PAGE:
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That World Cup Feeling


There is no doubt that emotions run high for many of us during the World Cup, as many of us would have experienced watching England’s opening game last night. Whether you are an avid football supporter or not, it is hard to avoid the pull of that green screen filled with little coloured figures fighting so skilfully to win. In fact, watching it can lead to various changes not only in your feelings, but in your hormones, too. For example, there can be changes in your testosterone levels throughout the game, as you watch each yellow card and goal, that echo those of the teams that are actually on the field1.


And the watching of the World Cup matches usually occurs in groups. If fact, over 90% of the time, trips to games occur in groups, with family members, work colleagues, or friends using it as a time to share the experience1.  The good news is that relationships are a key aspect of maintaining positive mental health.  Spending time with people that are important to us, and sharing experiences with them, can actually be good for us. The highs and lows of the shared experiences of victory and defeat can act to help us connect and bond with each other.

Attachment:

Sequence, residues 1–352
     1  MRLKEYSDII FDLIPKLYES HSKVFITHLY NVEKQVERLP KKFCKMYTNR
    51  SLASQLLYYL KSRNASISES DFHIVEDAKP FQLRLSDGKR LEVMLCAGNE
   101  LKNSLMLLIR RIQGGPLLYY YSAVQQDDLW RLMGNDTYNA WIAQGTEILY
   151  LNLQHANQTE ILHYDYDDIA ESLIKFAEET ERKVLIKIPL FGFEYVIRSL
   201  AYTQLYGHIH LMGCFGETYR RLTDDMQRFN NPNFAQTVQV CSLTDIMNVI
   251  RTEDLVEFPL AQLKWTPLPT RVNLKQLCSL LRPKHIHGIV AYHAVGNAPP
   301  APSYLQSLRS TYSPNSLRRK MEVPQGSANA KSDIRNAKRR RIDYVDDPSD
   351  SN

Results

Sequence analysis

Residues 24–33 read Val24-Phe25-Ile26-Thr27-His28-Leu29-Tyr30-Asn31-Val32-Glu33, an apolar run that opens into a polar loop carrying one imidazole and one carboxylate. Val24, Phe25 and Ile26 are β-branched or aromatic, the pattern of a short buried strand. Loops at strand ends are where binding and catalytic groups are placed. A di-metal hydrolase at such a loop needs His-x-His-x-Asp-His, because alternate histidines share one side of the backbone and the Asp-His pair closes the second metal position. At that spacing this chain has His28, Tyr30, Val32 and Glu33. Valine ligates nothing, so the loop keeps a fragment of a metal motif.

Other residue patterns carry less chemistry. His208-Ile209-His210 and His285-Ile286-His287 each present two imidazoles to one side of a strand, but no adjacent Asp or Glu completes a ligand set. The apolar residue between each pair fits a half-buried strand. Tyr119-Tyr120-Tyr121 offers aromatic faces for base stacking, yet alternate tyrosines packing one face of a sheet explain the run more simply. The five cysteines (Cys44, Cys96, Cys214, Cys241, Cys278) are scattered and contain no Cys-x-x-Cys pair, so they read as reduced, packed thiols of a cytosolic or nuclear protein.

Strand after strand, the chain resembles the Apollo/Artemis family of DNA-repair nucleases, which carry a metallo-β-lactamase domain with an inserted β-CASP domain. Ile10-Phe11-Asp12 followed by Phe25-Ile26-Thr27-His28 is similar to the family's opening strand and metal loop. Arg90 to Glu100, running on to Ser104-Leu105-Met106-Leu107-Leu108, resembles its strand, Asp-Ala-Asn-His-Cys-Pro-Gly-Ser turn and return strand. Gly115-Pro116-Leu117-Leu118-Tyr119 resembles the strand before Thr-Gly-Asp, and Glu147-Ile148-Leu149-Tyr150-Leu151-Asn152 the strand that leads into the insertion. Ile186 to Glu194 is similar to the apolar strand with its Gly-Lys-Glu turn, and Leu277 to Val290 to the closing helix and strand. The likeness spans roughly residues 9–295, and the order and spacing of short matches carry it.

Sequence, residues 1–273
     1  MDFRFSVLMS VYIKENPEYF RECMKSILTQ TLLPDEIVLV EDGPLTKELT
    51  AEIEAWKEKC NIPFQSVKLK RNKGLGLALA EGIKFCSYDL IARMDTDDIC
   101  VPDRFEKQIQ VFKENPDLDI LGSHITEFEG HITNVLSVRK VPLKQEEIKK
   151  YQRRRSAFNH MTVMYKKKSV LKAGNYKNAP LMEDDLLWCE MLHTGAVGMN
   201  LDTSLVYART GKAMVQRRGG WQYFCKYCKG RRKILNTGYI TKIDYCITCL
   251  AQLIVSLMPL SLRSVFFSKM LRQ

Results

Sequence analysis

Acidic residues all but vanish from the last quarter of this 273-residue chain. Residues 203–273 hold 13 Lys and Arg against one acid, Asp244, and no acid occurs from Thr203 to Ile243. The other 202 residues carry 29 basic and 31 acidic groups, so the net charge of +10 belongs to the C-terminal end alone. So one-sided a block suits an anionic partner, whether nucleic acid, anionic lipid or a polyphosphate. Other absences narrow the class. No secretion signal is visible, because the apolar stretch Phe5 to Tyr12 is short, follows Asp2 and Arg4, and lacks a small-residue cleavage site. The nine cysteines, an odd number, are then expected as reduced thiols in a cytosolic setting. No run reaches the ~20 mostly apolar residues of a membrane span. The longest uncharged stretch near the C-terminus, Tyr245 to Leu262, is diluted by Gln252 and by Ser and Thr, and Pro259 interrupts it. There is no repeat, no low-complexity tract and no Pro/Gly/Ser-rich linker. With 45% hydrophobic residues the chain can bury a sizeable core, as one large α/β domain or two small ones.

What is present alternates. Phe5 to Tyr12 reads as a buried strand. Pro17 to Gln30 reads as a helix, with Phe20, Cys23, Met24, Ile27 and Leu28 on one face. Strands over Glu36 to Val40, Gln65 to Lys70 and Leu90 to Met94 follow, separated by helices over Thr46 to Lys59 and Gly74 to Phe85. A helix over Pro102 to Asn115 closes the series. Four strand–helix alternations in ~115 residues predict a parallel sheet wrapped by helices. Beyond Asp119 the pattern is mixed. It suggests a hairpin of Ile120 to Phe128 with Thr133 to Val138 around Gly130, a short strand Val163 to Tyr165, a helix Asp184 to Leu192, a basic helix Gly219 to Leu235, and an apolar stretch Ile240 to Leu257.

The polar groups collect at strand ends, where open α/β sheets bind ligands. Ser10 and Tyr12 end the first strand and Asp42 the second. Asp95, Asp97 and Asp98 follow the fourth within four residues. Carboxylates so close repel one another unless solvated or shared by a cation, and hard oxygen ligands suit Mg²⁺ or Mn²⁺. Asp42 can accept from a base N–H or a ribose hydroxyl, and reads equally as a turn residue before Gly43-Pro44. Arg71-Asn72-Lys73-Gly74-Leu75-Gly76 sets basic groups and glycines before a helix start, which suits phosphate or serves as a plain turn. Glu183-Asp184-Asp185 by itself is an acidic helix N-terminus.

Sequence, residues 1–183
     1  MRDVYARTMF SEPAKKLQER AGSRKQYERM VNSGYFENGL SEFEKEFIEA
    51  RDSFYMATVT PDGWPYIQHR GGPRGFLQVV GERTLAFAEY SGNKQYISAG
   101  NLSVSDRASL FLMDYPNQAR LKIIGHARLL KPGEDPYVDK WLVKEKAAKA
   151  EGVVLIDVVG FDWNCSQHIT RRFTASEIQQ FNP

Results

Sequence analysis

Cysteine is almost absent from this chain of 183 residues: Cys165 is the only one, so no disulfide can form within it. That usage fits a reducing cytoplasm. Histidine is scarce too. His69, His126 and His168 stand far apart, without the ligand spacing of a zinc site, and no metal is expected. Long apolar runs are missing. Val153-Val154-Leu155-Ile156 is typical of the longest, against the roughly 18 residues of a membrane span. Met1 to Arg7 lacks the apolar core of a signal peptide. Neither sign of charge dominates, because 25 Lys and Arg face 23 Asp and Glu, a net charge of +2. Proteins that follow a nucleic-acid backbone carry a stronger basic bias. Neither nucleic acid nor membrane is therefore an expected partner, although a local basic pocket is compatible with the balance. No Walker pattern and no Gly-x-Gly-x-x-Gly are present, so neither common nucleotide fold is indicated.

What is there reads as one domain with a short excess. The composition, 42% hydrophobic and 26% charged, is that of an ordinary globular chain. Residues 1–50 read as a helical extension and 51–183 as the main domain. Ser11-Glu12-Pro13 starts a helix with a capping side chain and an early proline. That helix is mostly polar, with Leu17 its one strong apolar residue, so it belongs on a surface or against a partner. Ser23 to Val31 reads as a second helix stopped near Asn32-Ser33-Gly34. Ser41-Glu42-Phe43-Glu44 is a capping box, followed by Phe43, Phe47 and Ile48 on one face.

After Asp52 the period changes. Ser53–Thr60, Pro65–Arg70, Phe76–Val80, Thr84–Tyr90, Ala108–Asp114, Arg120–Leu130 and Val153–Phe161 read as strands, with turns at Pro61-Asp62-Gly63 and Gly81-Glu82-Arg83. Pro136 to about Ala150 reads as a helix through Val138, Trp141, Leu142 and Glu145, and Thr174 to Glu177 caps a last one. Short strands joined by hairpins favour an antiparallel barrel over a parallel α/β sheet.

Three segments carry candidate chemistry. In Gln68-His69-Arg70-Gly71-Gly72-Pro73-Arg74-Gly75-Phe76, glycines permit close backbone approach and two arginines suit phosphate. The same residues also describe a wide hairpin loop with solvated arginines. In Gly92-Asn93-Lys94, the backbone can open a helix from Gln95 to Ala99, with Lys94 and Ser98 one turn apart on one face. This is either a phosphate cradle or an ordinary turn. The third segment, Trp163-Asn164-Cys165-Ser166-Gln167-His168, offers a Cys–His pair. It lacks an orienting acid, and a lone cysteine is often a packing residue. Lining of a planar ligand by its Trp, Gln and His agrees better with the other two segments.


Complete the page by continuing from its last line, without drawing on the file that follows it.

Yet given the strain of performing in such a global event, one in which emotions do run so high, possibly even to the point of feeling like they are carrying the expectations of a nation on their shoulders, it is unsurprising that studies suggest that there is an increase in the number of professional footballers seeking support for aspects of their mental and emotional health. Studies suggest that there has been an increase of over 200%2. And more and more players are opening up about their own struggles with their mental health.


Danny Rose recently revealed his diagnosis of depression3. He has spoken candidly about the various pressures that he has been under, including injuries and the lengthy impact that these can have. He has also stated that “being referred to a doctor and psychologist by the Spurs club doctor helped me massively to cope”3. Speaking about how he feels, what he has been going through, and how he has been supported, has helped open up and build upon the current conversations about mental health. It has even led to Prince William saying that what he has done is “really, really good” on a visit to the team3. And other players have opened up about their mental health, too, including Aaron Lennon and Clarke Carlisle4.


And so as these conversations continue – hopefully as the teams all continue to play in a way that they are proud of throughout the Cup – the ability of mental health issues to impact on anyone is clearly highlighted. And with these conversations, we can learn how to best support each other, as any good sports team knows is needed for success.



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